A nice feature of the IBM PC is that every lime a file is written to disk, it's stamped with the time and date. It's hard to appreciate this feature until the computernik has a hard disk full of files, and can't remember the name of the letter he typed up last night. With the stamp, he needs only to look at the date and time of each file. Whenever the user turns on or reboots the computer, it asks for the time and date. Many expansion boards that include memory, serial communication, and parallel printer pons C'combo'" or "multifunction 1 boards) come with a battery-backed real time clock calendar chip th.it takes care of this chore when the user runs a small program inserted on the start-up disk. A battery-backcd real time clock is a very worthwhile feature.
Sometimes a user u ishes to reboot the system. Rebooting means clearing everything out of RAM, including the DOS system, and reinstalling the DOS. A very common reason for rebooting is because a software crash has locked-up the computer.
A user can reboot his computer several ways. The reboot least stressful for the system—and the one the user should try first—is keystroking the <Ctrl>, <Del>, and < Alt> keys simultaneously. Some software crashes are so major, however, that the computer won ! accept any commands from the keyboard. At this point. the user should press the reset button. As a last resort, he should turn off the computer, put the system disk in, and switch it back on.
The IBM PC and ail other IBM Personal Computers don't have a master reset switch. Look for this on a clone. Those debugging their ow n software will appreciate having the reset switch, because the recovery cycle is much shorter than with a power down, and much gentler on the computer.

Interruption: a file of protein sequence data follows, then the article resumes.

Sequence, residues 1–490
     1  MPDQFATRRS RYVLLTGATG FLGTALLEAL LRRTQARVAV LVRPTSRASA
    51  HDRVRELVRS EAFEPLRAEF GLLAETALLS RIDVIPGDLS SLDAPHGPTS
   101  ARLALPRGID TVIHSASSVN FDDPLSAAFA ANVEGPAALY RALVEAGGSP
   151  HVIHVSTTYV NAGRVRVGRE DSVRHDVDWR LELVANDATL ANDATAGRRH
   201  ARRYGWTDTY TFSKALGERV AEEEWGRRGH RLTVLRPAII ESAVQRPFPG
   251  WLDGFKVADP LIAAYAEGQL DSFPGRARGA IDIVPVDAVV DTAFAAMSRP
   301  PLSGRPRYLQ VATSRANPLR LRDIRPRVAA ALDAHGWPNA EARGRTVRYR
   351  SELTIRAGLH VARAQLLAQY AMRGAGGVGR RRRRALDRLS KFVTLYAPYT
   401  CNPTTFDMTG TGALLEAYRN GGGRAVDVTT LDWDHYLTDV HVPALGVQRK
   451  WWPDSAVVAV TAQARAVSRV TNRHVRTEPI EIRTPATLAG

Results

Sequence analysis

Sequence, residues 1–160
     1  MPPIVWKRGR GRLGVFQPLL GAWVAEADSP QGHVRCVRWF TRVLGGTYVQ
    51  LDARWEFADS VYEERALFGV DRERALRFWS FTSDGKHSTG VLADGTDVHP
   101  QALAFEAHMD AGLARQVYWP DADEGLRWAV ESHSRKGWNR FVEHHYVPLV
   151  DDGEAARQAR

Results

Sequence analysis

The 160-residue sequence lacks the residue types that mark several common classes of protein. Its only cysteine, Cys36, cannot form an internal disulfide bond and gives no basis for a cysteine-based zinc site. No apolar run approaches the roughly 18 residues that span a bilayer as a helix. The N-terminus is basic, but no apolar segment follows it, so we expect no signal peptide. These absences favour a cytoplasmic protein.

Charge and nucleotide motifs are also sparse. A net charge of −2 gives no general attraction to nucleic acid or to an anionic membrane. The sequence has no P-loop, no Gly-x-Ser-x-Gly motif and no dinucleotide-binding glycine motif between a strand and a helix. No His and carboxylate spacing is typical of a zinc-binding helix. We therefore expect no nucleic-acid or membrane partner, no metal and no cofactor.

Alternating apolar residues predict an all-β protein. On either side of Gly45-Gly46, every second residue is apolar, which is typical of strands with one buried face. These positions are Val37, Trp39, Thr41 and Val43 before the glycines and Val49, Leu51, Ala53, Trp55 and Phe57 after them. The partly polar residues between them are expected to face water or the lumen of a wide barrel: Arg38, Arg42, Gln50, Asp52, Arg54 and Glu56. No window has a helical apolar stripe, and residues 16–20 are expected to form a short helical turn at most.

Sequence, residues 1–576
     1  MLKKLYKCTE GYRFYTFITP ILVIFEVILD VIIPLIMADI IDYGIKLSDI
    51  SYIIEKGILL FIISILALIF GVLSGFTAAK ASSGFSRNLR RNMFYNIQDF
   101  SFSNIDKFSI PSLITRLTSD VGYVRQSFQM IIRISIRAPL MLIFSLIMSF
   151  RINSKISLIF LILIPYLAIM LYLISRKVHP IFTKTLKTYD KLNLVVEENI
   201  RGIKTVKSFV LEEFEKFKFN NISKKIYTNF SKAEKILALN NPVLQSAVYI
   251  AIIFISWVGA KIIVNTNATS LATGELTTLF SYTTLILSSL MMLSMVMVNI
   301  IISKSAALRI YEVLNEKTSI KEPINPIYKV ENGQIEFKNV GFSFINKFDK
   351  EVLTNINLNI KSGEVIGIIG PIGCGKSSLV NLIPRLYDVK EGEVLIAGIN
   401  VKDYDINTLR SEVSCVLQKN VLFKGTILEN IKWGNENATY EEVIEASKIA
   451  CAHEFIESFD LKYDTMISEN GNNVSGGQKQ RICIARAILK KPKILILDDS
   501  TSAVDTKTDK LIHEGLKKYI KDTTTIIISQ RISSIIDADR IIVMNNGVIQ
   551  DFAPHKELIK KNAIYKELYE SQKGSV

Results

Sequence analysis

Those who type a lot, such as those who have discovered the joys of word processing and packet radio communications, quickly lire of using a keyboard with the same layout as the original PC's keyboard. Fortunately, when IBM introduced the PC's bigger brother, the PC/AT, it introduced a keyboard with u much improved layout. Many clone manufacturers, in their ongoing quest to go IBM one better, now include a keyboard with the same layout as the AT with their PC clones.
The PC 8700 keyboard from DataDesk International has received excellent reviews. Another DataDesk keyboard is the Turbo-101 Enhanced keyboard, which features the improvements that IBM has implemented in their latest keyboards (separate function, cursor, and number pad keys) while retaining the large backwards "L' shaped return key. The DataDesk keyboards work with any IBM PC, and vinualh all clones. I also heard good words about the Maxi-Switch, a keyboard with the same layout.